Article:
The Atlantic Division could make a very strong and viable case for being the strongest division in the NHL if it wasn’t for the Metropolitan Division. The strength of the opposing Eastern Conference division puts an even greater emphasis on Atlantic Division teams finishing as a top-three hockey club.
At the time of writing, just before the NHL All-Star break, the NHL standings for the Atlantic Division showed a distinct cut between divisional leaders, the chasing pack, and the teams without a hope of making it to the playoffs.
So, let’s have a look at which teams look to be in the running for a divisional playoff place at this crucial juncture in the 2019/20 NHL season.
Leading the way
Having played a couple more games than other top teams in the Atlantic Division, the lead that the Boston Bruins have accumulated may prove to be somewhat of a mirage when the rest catch up. That said, even if the next closest team, the Tampa Bay Lightning, do win all of their games in hand, they’d still trail by two points.
Coming into the All-Star break, the Bruins experienced a bit of a slide, going 5-3-2 to give hope to the chasing pack. However, given that Tuukka Rask is putting up a 2.27 goals against average and .925 save percentage through 28 starts, it’s difficult seeing the Bruins drop off too much for too long.
In front of Rask, the skaters are firing on all cylinders, with David Pastrnak notching a whopping 37 goals and 70 points by the 51-game mark, with Brad Marchand (21 goals, 65 points) and two-way superstar Patrice Bergeron (21 goals, 41 points) also pulling their weight. But the Boston Bruins coaching staff wants more out of their players, stating that they’re going to create more competition in the ranks to push the Bruins forward.
Close behind, having shaken off an incredibly sluggish start to the season, the Tampa Bay Lightning are certainly in the running to reclaim the Atlantic Division crown. With head coach Jon Cooper changing the style of play to one that “will win in the playoffs,” following their catastrophic meltdown last season, it took a little time for the team to adapt, but now they’re playing great hockey and surging up the league.
Now that Nikita Kucherov is back to scoring again – now 22 goals and 54 points in 47 games – as well as Steven Stamkos (48 points), Brayden Point (42 points), Victor Hedman (41 points), and Alex Killorn (39 points) stacking scores, the Bolts can once again be considered top contenders to win it all.
Despite technically being eight points adrift, the experts still see the Lightning as top contenders for the division, with the Bruins out at -190 and Tampa Bay at +190 with leading NHL bookmakers. After them, the Maple Leafs and Panthers are back at +1500, showing how clear cut the divisional title race has become.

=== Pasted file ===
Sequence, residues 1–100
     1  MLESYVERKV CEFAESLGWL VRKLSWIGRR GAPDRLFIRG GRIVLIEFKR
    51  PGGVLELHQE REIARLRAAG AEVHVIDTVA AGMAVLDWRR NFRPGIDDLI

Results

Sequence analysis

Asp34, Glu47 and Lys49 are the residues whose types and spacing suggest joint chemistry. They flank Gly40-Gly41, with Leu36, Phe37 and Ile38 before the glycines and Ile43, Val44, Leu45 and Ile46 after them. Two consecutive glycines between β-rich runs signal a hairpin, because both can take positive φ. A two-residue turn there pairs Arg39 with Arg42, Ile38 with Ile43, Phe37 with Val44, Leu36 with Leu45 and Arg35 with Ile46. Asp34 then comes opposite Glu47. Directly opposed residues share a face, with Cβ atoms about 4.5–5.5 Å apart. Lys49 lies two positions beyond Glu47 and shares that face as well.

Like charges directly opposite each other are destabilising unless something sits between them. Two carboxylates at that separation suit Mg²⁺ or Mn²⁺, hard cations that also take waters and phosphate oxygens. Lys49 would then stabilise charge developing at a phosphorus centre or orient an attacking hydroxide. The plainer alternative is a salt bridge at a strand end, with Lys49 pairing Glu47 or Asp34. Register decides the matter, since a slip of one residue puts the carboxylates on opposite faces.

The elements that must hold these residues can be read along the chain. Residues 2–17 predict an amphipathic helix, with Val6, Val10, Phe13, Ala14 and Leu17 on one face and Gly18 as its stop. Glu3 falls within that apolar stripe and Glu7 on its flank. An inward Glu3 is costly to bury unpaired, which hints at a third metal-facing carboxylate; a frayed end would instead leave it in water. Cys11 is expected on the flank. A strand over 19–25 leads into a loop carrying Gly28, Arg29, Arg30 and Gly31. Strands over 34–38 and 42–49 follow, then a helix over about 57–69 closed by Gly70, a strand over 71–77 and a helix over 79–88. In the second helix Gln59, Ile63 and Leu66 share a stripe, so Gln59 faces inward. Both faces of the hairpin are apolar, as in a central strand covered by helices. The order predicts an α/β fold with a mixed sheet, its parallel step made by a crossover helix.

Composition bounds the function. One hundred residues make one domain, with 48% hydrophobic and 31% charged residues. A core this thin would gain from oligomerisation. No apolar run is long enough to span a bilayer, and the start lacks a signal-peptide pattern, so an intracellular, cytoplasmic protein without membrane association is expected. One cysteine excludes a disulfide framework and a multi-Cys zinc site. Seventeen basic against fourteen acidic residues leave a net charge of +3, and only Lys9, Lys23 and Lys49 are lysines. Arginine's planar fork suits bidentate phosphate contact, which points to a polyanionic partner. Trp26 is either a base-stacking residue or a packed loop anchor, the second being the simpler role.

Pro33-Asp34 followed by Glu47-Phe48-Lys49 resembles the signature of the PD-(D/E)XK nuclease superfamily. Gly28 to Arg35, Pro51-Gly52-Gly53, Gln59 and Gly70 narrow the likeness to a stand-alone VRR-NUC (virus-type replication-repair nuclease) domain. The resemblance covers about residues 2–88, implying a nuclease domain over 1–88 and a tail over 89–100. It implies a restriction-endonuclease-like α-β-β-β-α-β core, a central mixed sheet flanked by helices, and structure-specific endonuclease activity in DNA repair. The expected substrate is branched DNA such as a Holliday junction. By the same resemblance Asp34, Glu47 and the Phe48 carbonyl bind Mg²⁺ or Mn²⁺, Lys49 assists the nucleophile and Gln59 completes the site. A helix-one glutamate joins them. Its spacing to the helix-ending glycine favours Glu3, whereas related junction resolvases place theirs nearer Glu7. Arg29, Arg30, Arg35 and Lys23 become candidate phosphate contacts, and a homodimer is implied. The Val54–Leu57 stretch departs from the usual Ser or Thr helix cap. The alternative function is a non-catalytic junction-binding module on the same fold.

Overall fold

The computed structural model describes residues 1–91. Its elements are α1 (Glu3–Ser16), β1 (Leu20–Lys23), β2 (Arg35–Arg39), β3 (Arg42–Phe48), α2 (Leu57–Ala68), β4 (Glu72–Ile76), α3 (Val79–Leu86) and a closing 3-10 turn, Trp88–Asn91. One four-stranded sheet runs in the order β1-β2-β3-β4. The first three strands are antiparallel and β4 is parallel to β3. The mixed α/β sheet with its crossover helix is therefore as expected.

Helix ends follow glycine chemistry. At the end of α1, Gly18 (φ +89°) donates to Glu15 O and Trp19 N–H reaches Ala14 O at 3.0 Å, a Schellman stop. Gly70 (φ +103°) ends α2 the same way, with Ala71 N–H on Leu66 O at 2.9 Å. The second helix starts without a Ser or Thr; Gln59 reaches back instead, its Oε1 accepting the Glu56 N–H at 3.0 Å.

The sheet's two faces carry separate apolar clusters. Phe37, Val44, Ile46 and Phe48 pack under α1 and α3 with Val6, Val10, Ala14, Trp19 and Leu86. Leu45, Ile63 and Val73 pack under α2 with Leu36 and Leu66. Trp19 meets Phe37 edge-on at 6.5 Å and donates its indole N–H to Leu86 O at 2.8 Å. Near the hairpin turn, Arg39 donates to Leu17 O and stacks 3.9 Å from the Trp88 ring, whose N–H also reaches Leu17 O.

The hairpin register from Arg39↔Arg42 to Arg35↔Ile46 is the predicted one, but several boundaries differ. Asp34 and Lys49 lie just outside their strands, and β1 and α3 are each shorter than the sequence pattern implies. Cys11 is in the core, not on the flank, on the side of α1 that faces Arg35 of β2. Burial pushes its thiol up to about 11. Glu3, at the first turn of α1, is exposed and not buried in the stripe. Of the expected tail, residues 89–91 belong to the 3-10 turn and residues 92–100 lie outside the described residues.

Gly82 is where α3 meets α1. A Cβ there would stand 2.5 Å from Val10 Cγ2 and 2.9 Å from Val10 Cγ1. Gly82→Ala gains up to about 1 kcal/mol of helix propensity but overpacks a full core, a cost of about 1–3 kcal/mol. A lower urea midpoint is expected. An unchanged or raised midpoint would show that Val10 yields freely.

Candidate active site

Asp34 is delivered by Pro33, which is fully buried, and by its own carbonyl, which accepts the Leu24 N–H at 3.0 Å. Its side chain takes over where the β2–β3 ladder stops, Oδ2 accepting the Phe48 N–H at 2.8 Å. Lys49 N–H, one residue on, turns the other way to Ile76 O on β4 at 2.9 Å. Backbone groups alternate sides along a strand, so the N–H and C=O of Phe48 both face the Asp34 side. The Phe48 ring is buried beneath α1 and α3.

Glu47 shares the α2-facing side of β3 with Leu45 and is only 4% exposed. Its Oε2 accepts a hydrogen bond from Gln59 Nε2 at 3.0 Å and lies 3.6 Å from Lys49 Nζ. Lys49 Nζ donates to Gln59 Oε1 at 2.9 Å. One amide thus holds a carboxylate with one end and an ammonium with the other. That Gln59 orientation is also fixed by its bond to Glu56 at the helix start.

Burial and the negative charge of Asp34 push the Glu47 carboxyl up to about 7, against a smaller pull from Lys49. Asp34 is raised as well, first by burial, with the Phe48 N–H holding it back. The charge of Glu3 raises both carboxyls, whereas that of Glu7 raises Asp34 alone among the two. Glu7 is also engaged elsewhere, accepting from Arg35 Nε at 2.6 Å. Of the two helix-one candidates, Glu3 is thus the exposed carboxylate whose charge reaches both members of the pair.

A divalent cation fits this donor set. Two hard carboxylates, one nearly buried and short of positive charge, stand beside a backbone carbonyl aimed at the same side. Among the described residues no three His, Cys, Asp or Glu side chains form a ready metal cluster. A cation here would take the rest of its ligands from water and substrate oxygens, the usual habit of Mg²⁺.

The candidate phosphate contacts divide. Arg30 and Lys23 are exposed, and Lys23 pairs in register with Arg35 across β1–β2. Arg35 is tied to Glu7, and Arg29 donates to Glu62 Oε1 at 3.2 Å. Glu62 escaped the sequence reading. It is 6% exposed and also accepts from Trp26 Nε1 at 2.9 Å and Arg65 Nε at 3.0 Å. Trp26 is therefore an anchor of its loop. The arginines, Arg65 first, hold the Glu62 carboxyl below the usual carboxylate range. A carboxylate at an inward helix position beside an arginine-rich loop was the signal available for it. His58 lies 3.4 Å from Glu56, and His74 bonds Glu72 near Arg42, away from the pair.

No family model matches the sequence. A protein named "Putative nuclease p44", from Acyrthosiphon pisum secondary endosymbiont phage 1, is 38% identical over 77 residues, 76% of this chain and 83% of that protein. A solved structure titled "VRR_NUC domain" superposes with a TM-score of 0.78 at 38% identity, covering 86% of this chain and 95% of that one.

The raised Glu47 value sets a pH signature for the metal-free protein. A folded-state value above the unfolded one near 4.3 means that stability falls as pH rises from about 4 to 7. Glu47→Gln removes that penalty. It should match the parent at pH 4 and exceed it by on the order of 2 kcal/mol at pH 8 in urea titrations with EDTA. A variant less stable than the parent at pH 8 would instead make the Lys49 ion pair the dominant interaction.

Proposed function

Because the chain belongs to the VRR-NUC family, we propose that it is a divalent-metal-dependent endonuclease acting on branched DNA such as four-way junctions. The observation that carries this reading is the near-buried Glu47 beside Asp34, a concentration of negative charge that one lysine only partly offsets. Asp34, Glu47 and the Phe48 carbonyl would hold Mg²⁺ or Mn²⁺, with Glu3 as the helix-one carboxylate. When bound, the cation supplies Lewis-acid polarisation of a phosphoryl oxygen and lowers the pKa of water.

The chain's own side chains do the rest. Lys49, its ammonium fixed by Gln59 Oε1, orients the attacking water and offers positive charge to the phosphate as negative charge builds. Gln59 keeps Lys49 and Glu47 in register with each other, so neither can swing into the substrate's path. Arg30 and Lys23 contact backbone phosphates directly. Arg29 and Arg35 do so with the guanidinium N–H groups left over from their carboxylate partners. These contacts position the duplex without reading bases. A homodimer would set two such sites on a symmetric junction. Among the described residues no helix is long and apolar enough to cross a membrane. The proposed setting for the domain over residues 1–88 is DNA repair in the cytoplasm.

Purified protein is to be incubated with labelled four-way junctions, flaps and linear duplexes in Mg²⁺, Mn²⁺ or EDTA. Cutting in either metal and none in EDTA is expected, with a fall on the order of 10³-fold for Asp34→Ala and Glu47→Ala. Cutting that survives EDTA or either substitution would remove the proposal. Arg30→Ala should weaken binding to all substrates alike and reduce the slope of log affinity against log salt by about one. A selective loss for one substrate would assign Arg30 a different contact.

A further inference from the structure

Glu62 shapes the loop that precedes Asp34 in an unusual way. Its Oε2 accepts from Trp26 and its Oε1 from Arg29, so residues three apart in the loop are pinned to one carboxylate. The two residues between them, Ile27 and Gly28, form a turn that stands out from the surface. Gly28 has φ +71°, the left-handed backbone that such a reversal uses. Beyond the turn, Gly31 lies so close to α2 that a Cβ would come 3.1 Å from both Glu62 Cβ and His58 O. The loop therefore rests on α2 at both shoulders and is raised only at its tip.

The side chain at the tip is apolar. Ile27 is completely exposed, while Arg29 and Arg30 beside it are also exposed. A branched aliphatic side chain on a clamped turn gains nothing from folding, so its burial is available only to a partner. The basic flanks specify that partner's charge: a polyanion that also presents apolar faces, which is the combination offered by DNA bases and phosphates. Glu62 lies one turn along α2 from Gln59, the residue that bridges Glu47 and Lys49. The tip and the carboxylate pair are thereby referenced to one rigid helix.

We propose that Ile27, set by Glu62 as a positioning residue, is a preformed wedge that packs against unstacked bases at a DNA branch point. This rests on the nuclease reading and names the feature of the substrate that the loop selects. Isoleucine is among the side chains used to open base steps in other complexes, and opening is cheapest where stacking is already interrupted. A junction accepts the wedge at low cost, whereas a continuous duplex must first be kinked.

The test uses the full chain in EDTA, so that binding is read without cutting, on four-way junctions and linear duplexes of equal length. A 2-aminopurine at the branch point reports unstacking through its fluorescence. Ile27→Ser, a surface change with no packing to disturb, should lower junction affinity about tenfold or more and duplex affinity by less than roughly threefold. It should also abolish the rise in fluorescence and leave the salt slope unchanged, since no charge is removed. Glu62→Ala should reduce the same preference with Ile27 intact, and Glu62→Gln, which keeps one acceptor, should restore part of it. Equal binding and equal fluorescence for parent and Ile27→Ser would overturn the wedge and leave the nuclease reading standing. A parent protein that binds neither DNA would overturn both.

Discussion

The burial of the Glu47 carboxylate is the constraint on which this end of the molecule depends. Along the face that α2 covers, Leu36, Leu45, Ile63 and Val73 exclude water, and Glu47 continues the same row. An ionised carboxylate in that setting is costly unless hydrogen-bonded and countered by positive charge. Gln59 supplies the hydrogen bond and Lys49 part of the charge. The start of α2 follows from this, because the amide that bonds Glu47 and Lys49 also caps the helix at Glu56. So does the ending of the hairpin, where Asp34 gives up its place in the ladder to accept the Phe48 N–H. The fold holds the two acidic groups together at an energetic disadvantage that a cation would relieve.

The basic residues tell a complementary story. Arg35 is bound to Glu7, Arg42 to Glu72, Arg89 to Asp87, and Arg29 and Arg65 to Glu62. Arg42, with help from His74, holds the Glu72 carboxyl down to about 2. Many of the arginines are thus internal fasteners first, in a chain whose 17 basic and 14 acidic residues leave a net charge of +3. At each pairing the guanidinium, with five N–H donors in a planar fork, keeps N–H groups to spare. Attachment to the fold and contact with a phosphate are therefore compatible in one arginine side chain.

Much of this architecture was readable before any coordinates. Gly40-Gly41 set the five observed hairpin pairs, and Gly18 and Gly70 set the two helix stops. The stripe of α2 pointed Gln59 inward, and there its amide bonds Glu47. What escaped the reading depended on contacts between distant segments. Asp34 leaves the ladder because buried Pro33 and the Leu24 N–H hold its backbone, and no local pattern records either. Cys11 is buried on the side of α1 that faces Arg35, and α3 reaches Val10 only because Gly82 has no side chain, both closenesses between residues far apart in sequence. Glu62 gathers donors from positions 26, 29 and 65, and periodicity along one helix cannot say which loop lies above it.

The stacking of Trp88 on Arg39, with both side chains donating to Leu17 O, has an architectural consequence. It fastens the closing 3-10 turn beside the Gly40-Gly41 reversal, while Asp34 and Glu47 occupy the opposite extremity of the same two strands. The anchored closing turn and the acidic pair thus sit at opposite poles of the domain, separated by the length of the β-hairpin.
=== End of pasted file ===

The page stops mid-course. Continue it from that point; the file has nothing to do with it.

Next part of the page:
With the Bolts and the Bruins leading the way as the clear favorites to win the Atlantic Division, let alone claim a playoff spot, it looks as though the third and potentially final Atlantic-owned playoff space will be a battle between three chasing teams.
Battling for third place
At the time of writing, the Florida Panthers trailed the Tampa Bay Lightning by a mere point, with their state rivals boasting a game in hand. This looks to be the season that it finally all comes together for the Panthers. After winning the division in 2015/16, injuries, abrupt and ill-advised coaching changes, and aging goaltending have held back the budding Panthers.
In 2019/20, however, the team is doing very well, with the likes of Jonathan Huberdeau (65 points), Aleksander Barkov (54 points), Mike Hoffman (40 points), Evgenii Dadonov (40 points), and Keith Yandle (39 points) driving the team offensively, with Aaron Ekblad’s +12 with 62 blocked shots showcasing his development as a top defenseman.
The Panthers do have one glaring issue which no one expected them to endure this season, and that’s in goal. Over the summer, Florida looked to finally put its goaltending issues in the past by landing the huge offseason signing of Sergei Bobrovsky. Through 36 starts, however, the Russian has been inadequate, to say the least, putting up a 3.24 goals against average and .898 save percentage.
Further down the standings, the ‘new coach effect’ which had the Toronto Maple Leafs surging back to winning ways when Sheldon Keefe came up from the AHL to become the head coach appears to have worn off. It’s the fourth-youngest team in the league, and the defensemen – particularly offseason acquisition Tyson Barrie – have struggled in their own end despite the best efforts of Frederik Andersen, who already has 39 starts this season.
Finally, we come to the Buffalo Sabres, who, by virtue of the talent in the team and the absurdly strong performances of goaltender Linus Ullmark, are still in the conversation. Jack Eichel, of course, leads the way with 28 goals and 62 points, with Sam Reinhart (41 points), Victor Olofsson (35 points), Rasmus Dahlin (28 points), and Rasmus Ristolainen (23 points) also pulling their weight.
Injuries have been a huge problem for the Sabres this season, stifling them at the worst possible times, but one of the biggest drop-offs is the production of Jeff Skinner and the lower lines. Skinner had a mere 11 goals and 19 points by his 39th game, with the Sabres scoring the 11th-fewest goals in the league.
So, as it stands, and likely as we continue, the Boston Bruins and Tampa Bay Lightning look set to clinch the top two Atlantic Division spots – perhaps not in that order – while the Florida Panthers look to be the best bet to land the third spot, especially if Bobrovsky can rekindle a dose of what made him an elite-level goalie in Columbus.